The CoroCAM® cameras are used to image the UV light signature of external discharge activity (Corona, Sparking and Arcing). The UV light is mainly (~95%) in the UVa & UVb bands, but it’s nearly impossible to image the signatures due to the intensity of sunlight in those bands.
The UV light signature of discharge activity (purple) after it was stretched vertically 1000x and overlaid onto the spectrum of light from the sun (300 to the Near Infra-Red)
No light from the sun in the UVc / Solar Blind (SB) / <300nm band passes through the O-zone barrier, making the discharge signature nearly unique. There are a few natural or man-made sources of UVc light, but they have other characteristics which makes it possible to identify them. 

The SB band is therefore ideal for uniquely imaging the signature of discharge activity. However, the resulting image is just a blob in an otherwise black image.

Binarised UVc image
This is clearly not useful in identifying the location of the discharge activity.
The blob has to be co-located with a visible structure in order to identify the location of the discharge activity.


A visible video camera is used to record the visible image while a bore-sighted and electronically fine aligned UV camera records the UV image. A high throughput prism and mirror is used to direct only the UV light from the incoming beam path at the UV camera. A solar blind filter is used to reject / block all the light outside the UVc band.

Image Intensifier

The light intensity from a corona discharge below 280nm is very low, therefore an image intensifier is used to amplify the light to levels where the camera pixels can sense it.
The resulting image looks like this.
The spurious noise is removed using temporal and morphological filters and finally the image is binarized, false coloured and the coloured blob overlaid onto the visible image, yielding the final image.
The camera user-interface is overlaid onto the image and displayed to the user.

UV Intensity Expression

The initial users of corona cameras wanted to know if the discharge being observed was “severe”, thereby justifying the maintenance expense to correct the situation. Based on their thermography knowledge it stood to reason that the more intense the discharge was the more severe it was.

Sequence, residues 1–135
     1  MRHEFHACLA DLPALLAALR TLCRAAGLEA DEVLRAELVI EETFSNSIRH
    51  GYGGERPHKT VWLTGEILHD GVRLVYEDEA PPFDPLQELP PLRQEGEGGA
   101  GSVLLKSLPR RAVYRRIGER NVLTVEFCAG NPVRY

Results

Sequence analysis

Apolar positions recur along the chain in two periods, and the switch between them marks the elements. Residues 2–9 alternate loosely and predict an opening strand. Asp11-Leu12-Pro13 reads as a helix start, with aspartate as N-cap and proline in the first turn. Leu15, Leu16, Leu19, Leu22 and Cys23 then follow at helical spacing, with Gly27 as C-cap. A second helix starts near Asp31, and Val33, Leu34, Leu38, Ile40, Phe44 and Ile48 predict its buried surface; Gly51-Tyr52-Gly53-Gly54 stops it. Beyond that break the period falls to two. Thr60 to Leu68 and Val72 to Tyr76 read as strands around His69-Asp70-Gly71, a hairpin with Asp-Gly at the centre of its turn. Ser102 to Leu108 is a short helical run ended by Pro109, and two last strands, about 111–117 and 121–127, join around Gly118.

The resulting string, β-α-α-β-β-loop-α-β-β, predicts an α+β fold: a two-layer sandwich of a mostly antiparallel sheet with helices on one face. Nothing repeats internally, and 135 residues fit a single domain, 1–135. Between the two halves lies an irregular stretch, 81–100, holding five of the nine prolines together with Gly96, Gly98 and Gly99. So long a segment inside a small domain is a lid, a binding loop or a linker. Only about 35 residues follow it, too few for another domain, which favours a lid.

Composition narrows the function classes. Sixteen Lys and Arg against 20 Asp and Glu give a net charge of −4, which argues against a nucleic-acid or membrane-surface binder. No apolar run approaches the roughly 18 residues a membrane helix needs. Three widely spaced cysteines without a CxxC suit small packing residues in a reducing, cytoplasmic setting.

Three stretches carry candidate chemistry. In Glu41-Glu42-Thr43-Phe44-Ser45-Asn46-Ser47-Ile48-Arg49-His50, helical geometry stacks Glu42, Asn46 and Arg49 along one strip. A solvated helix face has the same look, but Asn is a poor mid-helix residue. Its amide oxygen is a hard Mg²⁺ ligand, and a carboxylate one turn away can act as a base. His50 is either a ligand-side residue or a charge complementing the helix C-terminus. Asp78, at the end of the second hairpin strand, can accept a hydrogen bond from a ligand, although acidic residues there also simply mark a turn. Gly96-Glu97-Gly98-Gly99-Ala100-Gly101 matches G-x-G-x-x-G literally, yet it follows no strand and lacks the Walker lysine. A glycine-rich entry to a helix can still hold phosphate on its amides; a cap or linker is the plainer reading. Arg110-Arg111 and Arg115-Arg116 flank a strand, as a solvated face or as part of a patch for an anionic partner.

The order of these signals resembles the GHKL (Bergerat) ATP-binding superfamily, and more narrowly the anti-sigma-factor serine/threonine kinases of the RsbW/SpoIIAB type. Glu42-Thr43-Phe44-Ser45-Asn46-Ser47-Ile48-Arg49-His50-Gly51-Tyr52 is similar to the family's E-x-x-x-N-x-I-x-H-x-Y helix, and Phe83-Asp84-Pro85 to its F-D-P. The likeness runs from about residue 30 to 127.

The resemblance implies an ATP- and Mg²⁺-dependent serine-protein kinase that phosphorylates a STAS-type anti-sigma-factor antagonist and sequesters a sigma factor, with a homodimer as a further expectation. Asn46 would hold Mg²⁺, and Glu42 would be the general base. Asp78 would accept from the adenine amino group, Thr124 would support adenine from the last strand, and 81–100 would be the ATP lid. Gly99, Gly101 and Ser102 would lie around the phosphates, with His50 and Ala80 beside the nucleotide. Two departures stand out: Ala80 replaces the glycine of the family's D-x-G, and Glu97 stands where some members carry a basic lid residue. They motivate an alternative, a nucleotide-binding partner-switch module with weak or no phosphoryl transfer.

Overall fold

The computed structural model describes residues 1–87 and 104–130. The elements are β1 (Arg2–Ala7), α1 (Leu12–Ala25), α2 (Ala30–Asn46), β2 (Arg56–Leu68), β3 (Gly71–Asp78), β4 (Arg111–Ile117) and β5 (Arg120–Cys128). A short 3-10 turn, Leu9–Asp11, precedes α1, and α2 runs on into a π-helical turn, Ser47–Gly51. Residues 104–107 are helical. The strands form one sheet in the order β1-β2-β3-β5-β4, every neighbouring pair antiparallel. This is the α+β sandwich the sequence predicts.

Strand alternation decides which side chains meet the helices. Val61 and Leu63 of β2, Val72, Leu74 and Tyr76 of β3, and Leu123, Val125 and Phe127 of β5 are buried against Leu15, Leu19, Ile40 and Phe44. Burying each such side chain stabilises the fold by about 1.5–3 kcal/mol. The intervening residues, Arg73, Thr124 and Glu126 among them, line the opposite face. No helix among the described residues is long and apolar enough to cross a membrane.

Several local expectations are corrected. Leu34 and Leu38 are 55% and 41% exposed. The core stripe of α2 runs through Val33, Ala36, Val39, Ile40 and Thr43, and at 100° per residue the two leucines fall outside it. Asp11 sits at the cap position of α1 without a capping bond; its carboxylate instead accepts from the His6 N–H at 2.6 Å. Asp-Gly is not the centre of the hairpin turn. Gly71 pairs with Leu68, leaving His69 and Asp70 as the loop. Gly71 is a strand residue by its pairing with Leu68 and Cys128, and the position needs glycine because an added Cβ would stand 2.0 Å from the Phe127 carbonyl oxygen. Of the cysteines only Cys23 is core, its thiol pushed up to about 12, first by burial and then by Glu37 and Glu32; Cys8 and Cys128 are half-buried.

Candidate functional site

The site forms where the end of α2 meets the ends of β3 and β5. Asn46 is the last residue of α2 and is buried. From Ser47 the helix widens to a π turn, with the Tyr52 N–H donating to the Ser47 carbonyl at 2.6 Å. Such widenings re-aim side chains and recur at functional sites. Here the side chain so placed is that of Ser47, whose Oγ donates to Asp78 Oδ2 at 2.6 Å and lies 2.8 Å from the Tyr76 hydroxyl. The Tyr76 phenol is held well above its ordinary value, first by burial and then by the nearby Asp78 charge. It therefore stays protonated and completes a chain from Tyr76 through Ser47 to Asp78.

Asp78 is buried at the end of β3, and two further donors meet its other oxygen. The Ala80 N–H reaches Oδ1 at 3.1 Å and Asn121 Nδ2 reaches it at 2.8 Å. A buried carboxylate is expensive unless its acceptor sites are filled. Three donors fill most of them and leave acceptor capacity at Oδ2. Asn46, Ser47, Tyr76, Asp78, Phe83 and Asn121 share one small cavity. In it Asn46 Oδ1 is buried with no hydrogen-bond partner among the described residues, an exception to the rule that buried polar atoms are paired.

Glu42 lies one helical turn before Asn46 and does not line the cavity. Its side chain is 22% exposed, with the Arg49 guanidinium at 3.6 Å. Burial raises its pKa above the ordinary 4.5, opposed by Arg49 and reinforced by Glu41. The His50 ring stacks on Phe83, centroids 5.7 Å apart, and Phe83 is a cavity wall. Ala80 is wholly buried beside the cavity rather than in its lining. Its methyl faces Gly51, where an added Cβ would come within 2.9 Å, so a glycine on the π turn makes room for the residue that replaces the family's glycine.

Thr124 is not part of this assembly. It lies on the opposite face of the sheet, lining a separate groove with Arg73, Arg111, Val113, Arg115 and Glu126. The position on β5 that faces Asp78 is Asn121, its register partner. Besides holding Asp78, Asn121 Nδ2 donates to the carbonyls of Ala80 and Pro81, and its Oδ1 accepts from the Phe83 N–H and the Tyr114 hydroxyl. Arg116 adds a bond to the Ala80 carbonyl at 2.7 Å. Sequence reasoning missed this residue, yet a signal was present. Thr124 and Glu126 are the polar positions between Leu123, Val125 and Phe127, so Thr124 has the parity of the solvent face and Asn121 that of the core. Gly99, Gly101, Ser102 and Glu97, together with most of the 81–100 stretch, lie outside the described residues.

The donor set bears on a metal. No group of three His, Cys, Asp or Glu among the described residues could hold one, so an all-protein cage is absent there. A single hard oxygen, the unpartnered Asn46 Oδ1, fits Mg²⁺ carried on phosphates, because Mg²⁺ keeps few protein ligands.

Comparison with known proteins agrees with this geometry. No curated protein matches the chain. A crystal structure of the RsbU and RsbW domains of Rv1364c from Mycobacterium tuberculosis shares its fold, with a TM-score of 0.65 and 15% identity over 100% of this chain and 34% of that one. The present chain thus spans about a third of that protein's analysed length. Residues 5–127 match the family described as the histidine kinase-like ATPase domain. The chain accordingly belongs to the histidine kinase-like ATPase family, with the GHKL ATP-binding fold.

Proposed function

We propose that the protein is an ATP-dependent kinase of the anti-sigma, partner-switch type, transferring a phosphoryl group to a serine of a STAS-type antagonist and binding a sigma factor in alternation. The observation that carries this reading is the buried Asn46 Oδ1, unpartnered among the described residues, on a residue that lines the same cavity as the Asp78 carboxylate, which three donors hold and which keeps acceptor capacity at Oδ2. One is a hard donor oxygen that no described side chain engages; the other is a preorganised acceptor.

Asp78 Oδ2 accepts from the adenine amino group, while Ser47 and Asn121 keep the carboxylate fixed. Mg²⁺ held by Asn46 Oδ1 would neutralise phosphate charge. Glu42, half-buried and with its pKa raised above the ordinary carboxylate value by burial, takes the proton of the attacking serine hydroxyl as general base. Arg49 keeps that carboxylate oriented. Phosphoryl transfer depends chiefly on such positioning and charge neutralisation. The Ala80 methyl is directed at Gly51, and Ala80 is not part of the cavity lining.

Logically counting the photons received from a discharge activity could be used as an indicator of the severity.

At low intensities in the laboratory the blobs were separately visible and could be counted individually. The count increased/decreased with changes in intensity.

With increases in sensitivity/ higher intensity discharges observed the number of photons detected increased, resulting in the blobs overlapping or touching, which would then be counted as one blob.

Drawing a graph of the count to intensity results in the below:
Bell curve with right ending at 1 not zero as on the left.
The count starts at zero for zero intensity, as the intensity increases the count increased. As the blobs start merging the count increase per intensity increase reduces until the count starts reducing as the intensity increases, ultimately at maximum intensity a single blob is observed – resulting in a count of 1.

The blob counting regime also newer specified the conditions, distance or camera setting under which expressions of low to high severity was assessed.
This is clearly not useful.

A new technique was introduced with the CoroCAM® 6D, which matches the total observed intensity in an image with the intensity of a source and returns a “count” equivalent.
The resulting intensity to “count” graph grows nearly linearly from low intensity to saturation – this is a far better way of expressing the intensity of a discharge.
Graph of CoroCAM® Intensity to count
However, since the intensity measurement is only valid at that time and it changes with changes in the conditions and observers it is clearly not ideal as a severity indicator or for trending.

US EPRI has developed a better regime to assess the maintenance priority of a discharge location. 


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